Wikipedia Education Program participants from the United States added more than three times as much quality content as regular new users, a quantitative analysis shows.

In the Wikipedia Education Program, professors assign their students to edit Wikipedia articles as a grade for class, assisted by volunteer Wikipedia Ambassadors. In fall 2011, 55 courses participated in the program in the United States, with students editing articles on the English Wikipedia. On average, these students added 1855 bytes of content that stayed on Wikipedia, compared to only 491 for a randomly chosen sample of new users who joined English Wikipedia in September 2011. These numbers establish that students who participate in the Wikipedia Education Program contribute significantly more quality content that stays on Wikipedia than other new users.

Examining the distribution of content that survived on Wikipedia for both of these groups, we found that almost half of the Wikipedia Education Program participants added 1,000 or more bytes that stayed on Wikipedia in the first six months. In contrast, more than half of the random sample of new editors added no content that stayed on Wikipedia in the first six months. The targeted recruitment of students, combined with the support provided by the Ambassador Program and instructors, results in a much larger percentage of new editors who contribute quality content to Wikipedia.

To understand the collective impact of the Wikipedia Education Program in fall 2011, we compared the amount of content students added to Wikipedia to the content added by the random sample of new editors. The numbers show that the 920 student editors who participated in the program in fall 2011 added the same amount of content as 2250 typical new editors (editors are defined as users who made at least one edit to an article). In terms of new content, students have twice the impact as typical new editors.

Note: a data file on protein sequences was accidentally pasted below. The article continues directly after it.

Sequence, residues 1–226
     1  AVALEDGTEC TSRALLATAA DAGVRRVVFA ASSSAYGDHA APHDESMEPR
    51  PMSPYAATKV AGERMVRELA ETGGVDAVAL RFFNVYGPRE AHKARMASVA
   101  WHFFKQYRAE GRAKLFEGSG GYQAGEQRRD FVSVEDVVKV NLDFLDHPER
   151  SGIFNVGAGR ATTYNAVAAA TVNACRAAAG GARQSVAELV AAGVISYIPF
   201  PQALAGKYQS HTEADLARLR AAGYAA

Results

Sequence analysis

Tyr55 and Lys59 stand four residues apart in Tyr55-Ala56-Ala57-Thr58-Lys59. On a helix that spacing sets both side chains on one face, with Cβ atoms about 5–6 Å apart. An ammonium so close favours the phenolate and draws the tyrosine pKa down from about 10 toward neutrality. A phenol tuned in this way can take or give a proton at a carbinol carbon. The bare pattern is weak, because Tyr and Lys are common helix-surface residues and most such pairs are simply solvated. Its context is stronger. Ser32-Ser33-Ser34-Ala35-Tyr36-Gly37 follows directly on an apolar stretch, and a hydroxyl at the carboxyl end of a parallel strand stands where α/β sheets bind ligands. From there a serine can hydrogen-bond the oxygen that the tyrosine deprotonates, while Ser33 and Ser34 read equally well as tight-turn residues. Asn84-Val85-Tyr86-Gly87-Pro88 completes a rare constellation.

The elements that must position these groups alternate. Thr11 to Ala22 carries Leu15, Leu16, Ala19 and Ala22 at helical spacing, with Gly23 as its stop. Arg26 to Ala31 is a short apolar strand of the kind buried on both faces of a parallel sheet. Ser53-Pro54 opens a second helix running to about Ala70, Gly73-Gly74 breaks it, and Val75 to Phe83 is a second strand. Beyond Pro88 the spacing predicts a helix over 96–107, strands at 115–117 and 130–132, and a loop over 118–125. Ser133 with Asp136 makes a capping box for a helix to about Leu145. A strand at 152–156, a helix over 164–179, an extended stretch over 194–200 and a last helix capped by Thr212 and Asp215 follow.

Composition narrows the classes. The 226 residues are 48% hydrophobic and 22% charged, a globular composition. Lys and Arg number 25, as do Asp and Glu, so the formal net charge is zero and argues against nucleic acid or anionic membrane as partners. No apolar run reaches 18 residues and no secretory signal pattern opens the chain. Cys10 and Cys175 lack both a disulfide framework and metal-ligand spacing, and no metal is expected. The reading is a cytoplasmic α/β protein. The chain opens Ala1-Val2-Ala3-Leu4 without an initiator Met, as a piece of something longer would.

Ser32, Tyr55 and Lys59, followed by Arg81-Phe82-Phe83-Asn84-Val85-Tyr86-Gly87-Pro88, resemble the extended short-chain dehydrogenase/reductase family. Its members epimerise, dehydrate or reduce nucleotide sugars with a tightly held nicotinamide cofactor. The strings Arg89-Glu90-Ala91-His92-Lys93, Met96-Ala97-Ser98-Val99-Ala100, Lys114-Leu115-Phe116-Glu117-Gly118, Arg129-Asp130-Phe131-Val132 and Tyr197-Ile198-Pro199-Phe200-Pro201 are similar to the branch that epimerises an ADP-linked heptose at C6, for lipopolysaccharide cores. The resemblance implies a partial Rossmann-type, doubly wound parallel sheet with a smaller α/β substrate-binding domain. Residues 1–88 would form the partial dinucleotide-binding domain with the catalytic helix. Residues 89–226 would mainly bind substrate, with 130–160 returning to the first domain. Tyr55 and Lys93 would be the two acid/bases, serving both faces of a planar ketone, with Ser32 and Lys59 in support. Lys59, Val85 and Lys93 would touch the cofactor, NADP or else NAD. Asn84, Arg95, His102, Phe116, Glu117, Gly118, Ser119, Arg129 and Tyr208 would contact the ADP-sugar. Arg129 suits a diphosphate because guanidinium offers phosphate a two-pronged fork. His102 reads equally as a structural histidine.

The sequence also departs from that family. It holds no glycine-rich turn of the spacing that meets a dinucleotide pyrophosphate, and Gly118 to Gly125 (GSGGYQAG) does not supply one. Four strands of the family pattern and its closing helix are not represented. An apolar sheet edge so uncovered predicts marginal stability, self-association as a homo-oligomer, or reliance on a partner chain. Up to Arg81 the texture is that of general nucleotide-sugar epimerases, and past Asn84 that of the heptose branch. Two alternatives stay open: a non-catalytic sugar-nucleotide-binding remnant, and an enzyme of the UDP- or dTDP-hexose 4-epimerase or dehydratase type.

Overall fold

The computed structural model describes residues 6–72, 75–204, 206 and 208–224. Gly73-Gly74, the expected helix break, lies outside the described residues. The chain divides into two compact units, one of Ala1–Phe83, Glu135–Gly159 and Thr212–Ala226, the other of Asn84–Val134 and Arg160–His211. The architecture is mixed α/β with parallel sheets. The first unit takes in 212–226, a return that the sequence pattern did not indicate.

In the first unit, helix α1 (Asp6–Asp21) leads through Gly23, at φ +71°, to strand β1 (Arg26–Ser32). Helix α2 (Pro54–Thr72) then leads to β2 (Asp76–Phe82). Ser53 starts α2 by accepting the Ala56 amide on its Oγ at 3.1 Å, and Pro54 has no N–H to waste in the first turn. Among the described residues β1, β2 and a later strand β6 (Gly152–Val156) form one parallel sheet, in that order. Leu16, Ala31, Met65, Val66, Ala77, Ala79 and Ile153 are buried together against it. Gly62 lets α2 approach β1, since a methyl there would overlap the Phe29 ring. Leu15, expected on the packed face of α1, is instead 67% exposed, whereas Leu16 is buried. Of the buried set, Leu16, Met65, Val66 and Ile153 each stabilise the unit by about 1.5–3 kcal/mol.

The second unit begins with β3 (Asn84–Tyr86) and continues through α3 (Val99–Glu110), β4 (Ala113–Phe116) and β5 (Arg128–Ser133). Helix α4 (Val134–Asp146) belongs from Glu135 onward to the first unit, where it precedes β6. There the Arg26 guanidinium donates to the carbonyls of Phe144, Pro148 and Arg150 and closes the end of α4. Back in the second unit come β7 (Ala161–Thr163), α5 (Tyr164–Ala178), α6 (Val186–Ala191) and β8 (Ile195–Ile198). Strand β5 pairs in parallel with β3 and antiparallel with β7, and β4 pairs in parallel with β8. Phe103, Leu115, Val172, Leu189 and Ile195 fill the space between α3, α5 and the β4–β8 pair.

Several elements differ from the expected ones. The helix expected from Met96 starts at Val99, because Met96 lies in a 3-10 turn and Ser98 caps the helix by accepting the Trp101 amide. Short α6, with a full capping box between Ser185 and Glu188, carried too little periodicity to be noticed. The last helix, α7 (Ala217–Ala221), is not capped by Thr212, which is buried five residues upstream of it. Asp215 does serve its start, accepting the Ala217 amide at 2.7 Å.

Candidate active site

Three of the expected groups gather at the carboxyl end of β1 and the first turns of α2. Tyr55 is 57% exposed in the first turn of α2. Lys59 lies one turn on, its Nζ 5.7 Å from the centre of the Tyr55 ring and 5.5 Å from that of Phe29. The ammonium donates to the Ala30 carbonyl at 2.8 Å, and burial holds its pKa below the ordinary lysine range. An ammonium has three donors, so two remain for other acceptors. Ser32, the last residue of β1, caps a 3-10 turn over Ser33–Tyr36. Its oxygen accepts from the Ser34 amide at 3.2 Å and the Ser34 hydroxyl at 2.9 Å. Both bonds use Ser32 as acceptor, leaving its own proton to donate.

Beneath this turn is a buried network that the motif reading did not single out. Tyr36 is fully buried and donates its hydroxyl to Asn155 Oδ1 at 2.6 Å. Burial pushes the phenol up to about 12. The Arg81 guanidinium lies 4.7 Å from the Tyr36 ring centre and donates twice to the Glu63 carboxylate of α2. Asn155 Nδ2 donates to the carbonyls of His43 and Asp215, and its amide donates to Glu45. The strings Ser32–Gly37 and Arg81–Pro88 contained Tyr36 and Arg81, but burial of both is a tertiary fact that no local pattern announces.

An important consideration for any outreach project is editor retention. Data showed that students who are introduced to editing Wikipedia through the U.S. Education Program are just as likely to continue editing as any other newcomer.

The Wikipedia Education Program has now grown to Egypt, Brazil and other regions beyond North America. With an increased global presence, measuring and understanding the contributions of new student editors (and how they differ from other new users that join Wikipedia) has gained importance. Establishing a common metric for measuring the impact of the Wikipedia Education Program on various Wikipedias is another key motivation for a quantitative study.

There’s a lot more work to be done on measuring the program’s impact. So, stay tuned for more information about these metrics.

Methodology for this research can be found at:

Ayush Khanna, Data Analyst, Global Development

(with input from Mani Pande, Head of Global Development Research)